Skip to content
Skip to main content

About this free course

Download this course

Share this free course

Understanding autism
Understanding autism

Start this free course now. Just create an account and sign in. Enrol and complete the course for a free statement of participation or digital badge if available.

6.11 The autism spectrum in the 21st century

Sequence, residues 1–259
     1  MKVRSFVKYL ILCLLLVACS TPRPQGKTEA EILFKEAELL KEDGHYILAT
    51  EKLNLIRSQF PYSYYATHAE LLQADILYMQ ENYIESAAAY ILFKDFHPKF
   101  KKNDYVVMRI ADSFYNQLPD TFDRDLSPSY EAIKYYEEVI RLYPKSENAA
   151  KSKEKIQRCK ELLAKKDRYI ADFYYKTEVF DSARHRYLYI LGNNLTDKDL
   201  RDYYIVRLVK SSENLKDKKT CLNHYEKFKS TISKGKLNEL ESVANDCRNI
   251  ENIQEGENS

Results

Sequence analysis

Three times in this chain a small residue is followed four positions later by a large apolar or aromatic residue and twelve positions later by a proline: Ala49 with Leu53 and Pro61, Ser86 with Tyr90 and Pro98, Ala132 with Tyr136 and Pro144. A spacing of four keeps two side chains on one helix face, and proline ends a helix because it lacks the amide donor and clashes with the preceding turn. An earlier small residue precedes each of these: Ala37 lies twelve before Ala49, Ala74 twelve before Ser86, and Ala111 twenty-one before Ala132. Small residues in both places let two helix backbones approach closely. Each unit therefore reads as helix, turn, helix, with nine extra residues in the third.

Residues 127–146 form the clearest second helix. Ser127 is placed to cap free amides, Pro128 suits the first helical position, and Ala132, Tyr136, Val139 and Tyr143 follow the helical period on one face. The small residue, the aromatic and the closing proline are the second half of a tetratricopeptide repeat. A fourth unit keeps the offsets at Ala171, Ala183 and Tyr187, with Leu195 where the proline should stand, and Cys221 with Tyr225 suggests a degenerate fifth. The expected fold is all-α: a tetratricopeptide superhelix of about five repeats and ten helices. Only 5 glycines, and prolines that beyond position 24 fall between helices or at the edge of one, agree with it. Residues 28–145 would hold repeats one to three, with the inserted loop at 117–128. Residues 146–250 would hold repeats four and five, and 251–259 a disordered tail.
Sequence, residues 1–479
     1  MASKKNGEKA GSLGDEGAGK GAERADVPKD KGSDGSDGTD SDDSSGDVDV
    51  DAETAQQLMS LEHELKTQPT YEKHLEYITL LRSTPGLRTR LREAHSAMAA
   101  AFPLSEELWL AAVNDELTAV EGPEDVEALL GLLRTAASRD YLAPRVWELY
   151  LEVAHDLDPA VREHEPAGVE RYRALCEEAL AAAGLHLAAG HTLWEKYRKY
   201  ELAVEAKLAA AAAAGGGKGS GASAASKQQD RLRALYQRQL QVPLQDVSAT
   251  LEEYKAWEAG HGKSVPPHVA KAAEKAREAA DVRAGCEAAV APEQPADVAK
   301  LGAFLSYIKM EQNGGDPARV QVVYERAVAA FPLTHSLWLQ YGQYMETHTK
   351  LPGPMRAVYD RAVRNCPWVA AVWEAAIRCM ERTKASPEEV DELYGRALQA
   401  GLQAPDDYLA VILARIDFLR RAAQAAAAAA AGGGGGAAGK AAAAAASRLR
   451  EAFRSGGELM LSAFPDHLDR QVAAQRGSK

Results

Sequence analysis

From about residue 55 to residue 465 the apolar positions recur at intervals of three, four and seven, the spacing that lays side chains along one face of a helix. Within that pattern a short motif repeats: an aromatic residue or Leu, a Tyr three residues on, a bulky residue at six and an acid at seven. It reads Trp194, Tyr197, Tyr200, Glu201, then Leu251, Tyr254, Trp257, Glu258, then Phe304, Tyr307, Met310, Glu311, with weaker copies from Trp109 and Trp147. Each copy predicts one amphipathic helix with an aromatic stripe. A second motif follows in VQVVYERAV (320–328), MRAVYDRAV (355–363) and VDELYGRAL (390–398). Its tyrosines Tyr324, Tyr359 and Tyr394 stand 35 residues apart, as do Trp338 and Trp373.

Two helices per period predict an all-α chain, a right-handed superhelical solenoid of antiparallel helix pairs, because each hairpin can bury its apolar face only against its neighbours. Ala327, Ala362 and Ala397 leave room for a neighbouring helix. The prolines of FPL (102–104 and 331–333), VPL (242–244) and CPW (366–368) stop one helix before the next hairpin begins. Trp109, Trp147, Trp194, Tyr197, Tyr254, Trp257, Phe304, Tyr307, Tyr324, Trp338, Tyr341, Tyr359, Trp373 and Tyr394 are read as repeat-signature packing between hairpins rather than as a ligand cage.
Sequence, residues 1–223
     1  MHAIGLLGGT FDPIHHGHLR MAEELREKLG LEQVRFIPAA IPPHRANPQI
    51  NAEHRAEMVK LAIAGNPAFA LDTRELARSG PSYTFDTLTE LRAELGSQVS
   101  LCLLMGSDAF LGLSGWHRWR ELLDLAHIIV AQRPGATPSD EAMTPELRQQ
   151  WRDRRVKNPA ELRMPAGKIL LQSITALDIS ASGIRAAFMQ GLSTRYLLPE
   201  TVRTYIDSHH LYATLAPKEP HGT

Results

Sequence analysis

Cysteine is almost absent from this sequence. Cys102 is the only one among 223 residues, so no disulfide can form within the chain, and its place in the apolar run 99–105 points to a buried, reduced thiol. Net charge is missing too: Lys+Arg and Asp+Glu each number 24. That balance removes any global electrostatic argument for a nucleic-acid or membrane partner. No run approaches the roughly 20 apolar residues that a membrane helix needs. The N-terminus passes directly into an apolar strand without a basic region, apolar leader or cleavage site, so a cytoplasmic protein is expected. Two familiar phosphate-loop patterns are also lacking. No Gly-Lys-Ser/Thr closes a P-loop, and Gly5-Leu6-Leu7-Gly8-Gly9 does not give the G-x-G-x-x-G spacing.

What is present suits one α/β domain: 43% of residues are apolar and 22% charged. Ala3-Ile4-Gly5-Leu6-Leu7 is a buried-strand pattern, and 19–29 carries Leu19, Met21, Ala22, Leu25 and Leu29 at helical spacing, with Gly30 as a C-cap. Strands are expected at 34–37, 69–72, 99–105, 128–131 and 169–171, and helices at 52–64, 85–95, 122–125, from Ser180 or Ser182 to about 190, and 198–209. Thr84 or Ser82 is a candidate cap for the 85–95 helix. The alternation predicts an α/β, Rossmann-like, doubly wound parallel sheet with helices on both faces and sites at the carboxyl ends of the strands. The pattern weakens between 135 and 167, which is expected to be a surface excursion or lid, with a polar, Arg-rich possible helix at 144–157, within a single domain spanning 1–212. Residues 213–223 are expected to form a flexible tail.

The many developments in the autism field since the year 2000 make it hard to select the most important ‘players’ and milestones. You will learn more during the rest of this course. In research, advances in brain imaging and human genetics have shed new light on the brain systems and genetic mechanisms that may be involved. There is no ‘cure’ for autism, and some reject the very idea of a cure. But a range of helpful interventions is available, thought to be especially effective if started early. Revised diagnostic criteria for autism published by the American Psychiatric Association (American Psychiatric Association, 2013) addressed some of the inadequacies of earlier versions. Yet there is growing concern that autism in women may present in atypical ways and is going undiagnosed. Progress in autism rights includes, in the UK, the 2009 Autism Act, responding to an NAS campaign to protect the interests and address the needs of autistic adults. In 2014 the 67th World Health Assembly of the World Health Organisation passed a resolution supported by 60 member states to coordinate their efforts in addressing autism worldwide.